Medical providers are expected to treat patients with a recognized “standard of care.” Medical malpractice occurs when a health care practitioner deviates from the accepted practice norms and causes harm to a patient. Up to 200,000 patients may die each year in the U.S. due to medical malpractice.

A doctor’s or nurse’s negligence can lead to serious and life-altering complications, such as disability, disfigurement or death. The deviation from the standard of care can take many forms, including a failure to diagnose a condition or not diagnosing the correct illness, or recognize symptoms, a disregard or failure to take a thorough patient history, misinterpreting or ignoring diagnostic results, not ordering the appropriate tests, conducting unnecessary surgery, making surgical mistakes, such as operating on the wrong body part, performing the wrong type of surgery, leaving a foreign object behind, or administering an improper medication or dosage.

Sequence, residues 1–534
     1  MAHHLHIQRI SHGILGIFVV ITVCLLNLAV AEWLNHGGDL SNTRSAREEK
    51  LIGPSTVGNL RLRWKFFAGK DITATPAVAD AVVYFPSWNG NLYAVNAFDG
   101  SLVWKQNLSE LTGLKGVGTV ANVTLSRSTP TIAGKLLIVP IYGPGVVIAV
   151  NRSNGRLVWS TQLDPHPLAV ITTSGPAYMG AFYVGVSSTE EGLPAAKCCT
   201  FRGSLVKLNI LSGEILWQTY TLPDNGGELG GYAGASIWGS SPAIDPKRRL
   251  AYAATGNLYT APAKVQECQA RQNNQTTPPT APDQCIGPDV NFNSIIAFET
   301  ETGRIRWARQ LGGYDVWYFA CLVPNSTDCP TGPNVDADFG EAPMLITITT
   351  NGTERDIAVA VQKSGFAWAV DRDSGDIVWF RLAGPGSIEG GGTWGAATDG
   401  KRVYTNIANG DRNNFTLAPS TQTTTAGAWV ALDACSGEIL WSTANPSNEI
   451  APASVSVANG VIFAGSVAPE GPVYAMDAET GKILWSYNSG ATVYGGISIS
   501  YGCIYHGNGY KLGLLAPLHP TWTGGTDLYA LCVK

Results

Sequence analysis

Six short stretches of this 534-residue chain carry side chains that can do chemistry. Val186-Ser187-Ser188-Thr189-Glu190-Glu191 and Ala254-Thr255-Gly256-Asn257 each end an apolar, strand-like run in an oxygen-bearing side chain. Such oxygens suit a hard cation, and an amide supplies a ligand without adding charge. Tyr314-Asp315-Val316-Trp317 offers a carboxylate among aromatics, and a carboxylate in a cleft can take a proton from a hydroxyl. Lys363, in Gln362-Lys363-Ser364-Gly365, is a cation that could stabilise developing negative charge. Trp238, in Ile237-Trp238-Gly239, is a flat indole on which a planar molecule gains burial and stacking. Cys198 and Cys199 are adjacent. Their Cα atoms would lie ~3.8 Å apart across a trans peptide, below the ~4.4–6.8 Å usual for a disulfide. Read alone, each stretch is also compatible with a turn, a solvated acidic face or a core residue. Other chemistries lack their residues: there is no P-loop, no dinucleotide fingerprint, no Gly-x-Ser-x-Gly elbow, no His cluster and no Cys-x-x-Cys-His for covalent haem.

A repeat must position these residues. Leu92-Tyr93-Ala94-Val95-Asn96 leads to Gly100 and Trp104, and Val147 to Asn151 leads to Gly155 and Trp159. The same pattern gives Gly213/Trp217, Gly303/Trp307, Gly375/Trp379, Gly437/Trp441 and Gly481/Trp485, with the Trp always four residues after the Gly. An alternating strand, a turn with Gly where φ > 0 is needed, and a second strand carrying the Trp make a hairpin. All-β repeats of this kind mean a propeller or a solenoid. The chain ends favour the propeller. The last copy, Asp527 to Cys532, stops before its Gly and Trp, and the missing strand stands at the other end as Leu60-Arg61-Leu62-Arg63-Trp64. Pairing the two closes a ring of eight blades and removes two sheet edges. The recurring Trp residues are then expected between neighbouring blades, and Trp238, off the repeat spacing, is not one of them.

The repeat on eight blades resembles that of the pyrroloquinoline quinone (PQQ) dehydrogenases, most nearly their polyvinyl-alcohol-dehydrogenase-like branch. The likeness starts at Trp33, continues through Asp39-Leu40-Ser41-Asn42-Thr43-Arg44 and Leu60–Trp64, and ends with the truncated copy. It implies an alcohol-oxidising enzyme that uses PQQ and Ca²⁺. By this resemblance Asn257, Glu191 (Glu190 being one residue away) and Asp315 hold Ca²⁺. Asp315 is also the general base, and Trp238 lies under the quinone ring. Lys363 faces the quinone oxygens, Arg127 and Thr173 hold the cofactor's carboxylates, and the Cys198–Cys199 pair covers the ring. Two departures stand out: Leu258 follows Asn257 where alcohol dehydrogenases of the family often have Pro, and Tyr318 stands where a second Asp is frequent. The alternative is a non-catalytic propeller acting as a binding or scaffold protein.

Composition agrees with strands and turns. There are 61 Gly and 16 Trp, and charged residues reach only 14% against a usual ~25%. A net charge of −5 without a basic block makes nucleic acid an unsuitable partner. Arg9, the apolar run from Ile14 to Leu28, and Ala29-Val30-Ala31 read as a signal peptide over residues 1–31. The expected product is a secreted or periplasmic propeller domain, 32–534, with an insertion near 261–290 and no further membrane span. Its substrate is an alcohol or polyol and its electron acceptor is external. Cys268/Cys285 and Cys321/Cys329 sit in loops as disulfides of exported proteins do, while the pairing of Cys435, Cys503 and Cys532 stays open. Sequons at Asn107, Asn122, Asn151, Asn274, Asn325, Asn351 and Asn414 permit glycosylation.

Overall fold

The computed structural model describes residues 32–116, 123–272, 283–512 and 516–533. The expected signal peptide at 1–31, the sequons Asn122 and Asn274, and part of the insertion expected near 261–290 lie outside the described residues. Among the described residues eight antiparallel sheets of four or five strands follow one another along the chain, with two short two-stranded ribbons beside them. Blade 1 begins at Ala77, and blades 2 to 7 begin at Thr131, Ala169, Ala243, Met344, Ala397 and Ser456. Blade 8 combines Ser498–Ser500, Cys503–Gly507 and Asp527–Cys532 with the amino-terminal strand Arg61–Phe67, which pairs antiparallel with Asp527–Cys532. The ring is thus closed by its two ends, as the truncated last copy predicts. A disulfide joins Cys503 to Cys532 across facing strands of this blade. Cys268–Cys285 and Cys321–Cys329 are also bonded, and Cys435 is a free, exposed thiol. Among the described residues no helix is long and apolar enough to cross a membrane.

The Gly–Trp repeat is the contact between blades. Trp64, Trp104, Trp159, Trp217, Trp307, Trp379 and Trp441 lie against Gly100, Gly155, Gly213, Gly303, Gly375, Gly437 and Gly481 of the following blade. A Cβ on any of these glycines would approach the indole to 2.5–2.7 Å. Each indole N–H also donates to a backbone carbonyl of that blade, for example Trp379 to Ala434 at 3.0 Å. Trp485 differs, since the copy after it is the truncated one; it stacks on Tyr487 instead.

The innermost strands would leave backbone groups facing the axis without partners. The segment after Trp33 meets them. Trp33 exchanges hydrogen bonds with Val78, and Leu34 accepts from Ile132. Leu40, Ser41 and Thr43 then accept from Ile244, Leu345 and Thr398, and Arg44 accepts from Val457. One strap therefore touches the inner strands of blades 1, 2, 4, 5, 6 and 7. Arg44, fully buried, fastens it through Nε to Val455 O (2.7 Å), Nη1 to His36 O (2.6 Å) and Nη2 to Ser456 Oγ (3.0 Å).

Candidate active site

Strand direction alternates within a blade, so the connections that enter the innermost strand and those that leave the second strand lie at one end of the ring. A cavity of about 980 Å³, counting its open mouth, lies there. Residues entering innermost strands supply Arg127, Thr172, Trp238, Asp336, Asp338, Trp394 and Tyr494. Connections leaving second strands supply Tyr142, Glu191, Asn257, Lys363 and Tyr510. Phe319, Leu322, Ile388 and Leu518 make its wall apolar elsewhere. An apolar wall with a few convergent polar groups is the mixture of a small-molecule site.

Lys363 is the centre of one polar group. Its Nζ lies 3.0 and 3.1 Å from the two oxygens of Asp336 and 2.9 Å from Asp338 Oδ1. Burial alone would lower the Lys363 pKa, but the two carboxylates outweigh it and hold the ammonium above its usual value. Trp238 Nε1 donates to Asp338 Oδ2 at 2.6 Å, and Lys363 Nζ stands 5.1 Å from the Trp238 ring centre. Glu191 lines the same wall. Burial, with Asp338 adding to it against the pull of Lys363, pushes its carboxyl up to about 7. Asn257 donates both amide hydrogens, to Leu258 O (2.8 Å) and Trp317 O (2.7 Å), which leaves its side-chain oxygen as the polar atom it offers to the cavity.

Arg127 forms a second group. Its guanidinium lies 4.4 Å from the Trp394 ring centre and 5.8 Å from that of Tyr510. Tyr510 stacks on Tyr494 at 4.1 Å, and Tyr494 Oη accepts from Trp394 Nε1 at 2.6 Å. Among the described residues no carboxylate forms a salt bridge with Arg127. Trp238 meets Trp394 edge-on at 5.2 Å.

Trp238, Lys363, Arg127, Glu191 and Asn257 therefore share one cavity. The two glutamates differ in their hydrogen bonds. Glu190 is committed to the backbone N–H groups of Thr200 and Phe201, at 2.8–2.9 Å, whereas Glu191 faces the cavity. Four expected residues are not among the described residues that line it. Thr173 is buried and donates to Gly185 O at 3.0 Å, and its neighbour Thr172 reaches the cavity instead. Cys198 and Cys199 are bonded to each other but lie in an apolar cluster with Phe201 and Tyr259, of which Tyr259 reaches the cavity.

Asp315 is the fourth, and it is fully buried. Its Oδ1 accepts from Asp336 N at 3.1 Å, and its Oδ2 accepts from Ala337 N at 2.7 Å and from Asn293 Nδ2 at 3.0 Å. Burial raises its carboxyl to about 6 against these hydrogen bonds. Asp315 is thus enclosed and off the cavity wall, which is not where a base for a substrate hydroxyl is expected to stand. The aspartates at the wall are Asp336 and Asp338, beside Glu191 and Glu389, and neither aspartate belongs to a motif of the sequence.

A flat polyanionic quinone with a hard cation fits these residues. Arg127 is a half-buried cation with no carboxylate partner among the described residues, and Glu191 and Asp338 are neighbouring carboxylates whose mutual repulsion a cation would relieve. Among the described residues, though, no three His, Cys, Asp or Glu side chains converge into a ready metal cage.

There are many types of medical malpractice. Some of the more common ones are for:

  • Cancer misdiagnosis
  • Failure to diagnose
  • Hospital error
  • Podiatric malpractice
  • Wrongful death
  • Informed consent
  • Medication error
  • Surgical error
  • Quadriplegia
  • Anesthesia complications
  • Birth injury
  • Brachial Plexus Palsy
  • Cerebral Palsy
  • Erb’s Palsy
  • Foreign object (left in you)
  • Hydrocephalus
  • Pain and suffering
  • Paraplegia